For the synthesis of the thianthrene-containing 1,3,4-oxadiazole-containing polymer, for example, the required starting material is 3-phenoxythiophene-2,5-dicarboxylic acid, whose preparation is described in J. Org. Chem. 1982, 47, 1755-1759 (J. W. H. Watthey, M. Desai).

The polymers of the invention generally have from 100 to 1,000, preferably from 200 to 800, with particular preference from 300 to 700 repeating units.

The polymers of the invention are notable inter alia for high stability coupled with a high fluorescence quantum yield, these polymers emitting light in the blue region. Furthermore, on the basis of the 1,3,4-heterodiazole ring, they represent electron-accepting materials having very good barrier properties with regard to holes. The LUMO energies of the polymers provided fit very well with the output of the cathode materials, as has been determined by means of cyclovoltammetric measurements. This fact makes possible the efficient structure of multilayer arrangements.

The invention is based on the surprising finding that it is possible to adjust the electroluminescence by varying the layer thickness. Additionally it was supposed that the application of the aromatic poly(1,3,4-heterodiazoles) would reduce only the operating voltage of the device. As a complete surprise, however, the position of the recombination zone in a multilayer system is also changed in this way, so that the electroluminescence can be tailored by means of the polymeric layers of the invention, by choosing the layer thicknesses.

The heterodiazole-containing main-chain polymers of the invention may also be prepared, inter alia, in the form of layers and films in customary solvents and may therefore be used as electroluminescent and/or electron-transport layers in optical devices. The solubility in organic solvents of such rigid-chain, fully aromatic poly(1,3,4-heterodiazoles) has been achieved by introducing alkyl, alkoxy, thiophenol and/or phenoxy side groups into the polymeric main chain.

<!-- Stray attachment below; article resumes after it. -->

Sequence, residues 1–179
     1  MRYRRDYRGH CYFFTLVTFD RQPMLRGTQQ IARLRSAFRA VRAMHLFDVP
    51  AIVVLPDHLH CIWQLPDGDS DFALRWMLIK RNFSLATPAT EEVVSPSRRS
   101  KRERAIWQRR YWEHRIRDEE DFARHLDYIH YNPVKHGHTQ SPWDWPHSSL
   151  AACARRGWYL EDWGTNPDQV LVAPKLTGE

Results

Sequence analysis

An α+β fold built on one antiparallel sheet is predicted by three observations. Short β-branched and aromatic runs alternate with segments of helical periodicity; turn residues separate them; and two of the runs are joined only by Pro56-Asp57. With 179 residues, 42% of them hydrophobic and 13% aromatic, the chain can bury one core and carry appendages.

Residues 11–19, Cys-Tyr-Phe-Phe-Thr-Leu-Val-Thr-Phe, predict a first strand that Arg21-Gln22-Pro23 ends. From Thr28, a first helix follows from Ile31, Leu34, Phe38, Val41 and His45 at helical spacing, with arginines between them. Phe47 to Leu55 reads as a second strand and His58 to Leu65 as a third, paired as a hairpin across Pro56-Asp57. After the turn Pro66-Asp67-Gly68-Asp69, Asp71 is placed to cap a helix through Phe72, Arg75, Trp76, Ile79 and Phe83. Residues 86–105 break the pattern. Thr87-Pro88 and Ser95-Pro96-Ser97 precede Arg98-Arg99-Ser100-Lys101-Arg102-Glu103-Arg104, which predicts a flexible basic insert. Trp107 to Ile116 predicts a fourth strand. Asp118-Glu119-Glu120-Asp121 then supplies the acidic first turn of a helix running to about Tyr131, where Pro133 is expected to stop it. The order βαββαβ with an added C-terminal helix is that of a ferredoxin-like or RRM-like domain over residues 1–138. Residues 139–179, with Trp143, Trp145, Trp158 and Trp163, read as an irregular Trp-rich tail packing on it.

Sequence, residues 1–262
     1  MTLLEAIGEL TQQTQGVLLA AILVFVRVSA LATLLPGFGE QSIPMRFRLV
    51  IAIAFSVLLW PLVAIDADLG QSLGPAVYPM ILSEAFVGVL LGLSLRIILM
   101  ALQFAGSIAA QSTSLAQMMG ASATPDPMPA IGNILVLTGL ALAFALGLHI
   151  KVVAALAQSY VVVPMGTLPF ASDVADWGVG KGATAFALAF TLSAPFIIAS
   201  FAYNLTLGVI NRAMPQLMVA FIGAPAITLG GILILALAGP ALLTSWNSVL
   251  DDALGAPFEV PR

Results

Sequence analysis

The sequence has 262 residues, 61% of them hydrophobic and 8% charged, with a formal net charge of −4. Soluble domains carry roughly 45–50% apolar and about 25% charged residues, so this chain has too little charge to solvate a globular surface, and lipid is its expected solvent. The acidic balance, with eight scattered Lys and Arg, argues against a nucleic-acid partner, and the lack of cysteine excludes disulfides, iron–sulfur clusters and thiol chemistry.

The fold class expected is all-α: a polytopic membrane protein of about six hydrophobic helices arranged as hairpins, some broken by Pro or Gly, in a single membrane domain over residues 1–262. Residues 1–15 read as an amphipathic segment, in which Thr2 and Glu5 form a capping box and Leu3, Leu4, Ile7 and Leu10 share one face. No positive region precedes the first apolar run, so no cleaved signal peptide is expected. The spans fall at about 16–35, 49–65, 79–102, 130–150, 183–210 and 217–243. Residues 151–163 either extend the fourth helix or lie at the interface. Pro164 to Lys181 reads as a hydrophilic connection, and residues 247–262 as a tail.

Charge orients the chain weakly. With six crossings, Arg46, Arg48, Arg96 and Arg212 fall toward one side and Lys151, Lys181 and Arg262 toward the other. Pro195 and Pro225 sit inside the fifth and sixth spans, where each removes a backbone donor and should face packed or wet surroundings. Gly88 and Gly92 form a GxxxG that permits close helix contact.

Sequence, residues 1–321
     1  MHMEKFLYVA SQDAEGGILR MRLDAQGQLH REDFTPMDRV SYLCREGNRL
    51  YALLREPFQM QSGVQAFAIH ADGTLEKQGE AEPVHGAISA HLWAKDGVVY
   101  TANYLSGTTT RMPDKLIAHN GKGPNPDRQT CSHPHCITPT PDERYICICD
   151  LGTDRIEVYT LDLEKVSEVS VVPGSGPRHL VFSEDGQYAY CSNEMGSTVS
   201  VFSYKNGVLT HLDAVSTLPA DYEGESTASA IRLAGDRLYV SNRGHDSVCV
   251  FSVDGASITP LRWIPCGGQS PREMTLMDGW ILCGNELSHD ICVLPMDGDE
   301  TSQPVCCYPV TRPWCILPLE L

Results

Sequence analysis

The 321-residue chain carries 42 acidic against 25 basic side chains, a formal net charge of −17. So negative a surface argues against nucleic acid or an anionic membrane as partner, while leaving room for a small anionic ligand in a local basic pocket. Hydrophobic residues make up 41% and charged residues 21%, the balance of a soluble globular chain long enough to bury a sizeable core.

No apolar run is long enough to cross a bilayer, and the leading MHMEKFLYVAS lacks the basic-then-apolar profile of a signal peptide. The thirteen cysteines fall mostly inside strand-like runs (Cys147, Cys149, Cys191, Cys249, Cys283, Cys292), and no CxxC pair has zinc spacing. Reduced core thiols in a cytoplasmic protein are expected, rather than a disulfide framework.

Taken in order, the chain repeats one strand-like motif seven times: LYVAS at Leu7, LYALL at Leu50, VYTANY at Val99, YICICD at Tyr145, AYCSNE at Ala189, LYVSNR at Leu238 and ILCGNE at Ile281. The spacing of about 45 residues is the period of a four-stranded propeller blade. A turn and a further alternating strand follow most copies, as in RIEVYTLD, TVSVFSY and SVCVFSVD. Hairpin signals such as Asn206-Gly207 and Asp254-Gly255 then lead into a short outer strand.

For their use as electroluminescent and electron-transport layers in optical devices, the synthesized polymers are applied by spin-coating or cast-on techniques to various solid substrates (ITO on glass substrates) and to flexible conductive polyethylene terephthalate films. The polymer layer thicknesses are between 40 and 500 nm (depending on the layer system) and must be optimized depending on the structure of the optical device.

For the realization of multiple-layer systems, a hole-transport layer is prepared first on the hole-injecting electrode, followed by the electron-transport layer, consisting of the polymers of the invention, atop it. This is followed by the application of an electron-injecting electrode, e.g., Ca, Mg, Al, In, Mg/Ag. The polymer materials used must be tailored to one another in such a way that, for example, mutual incipient dissolution is prevented. The production of injecting contacts is done by means of special multi-crucible resistance vaporization and DC or RF sputtering sources. Suitable hole-injecting electrode materials include those which possess a high output (>4.5 eV). They include gold, platinum, and indium-tin oxide (ITO) layers. The ITO layers (also available commercially: Balzers) must be designed by special vapour deposition techniques (RF sputtering) in such a way that they possess both high transparency (>80%) and a low surface resistance (<κΩ/cm2). The typical layer thicknesses must therefore be between 80 and 150 nm.

In operation, electrodes are injected from the cathode into the electron-transport layer and, respectively, into the light-emitting layer. At the same time, holes are injected from the anode into the hole-transport layer and, respectively, directly into the light-emitting layer. Under the influence of the applied voltage, the charge carriers move towards one another through the active layers. At the interfaces between the charge-transport layers and the light-emitting layer, or directly in the light-emitting layer, respectively, electron/hole pairs are formed which recombine and, in doing so, emit light. The colour of the light emission can be varied, for example, by varying layer thicknesses in a multiple-layer system. The current/voltage characteristic lines and the optical properties (absorption, photoluminescence, electroluminescence) are measured after contacting the electrodes.

The invention is elucidated in more detail by the working examples below, without wishing to restrict it as a result.

WORKING EXAMPLES Syntheses of the Starting Materials for Preparing poly(2,5-diphenyl{2′,5′-di(2-ethylhexyloxy)}-1,3,4-oxadiazole) 2,5-(2-Ethylhexyloxy)diethyl Terephthalate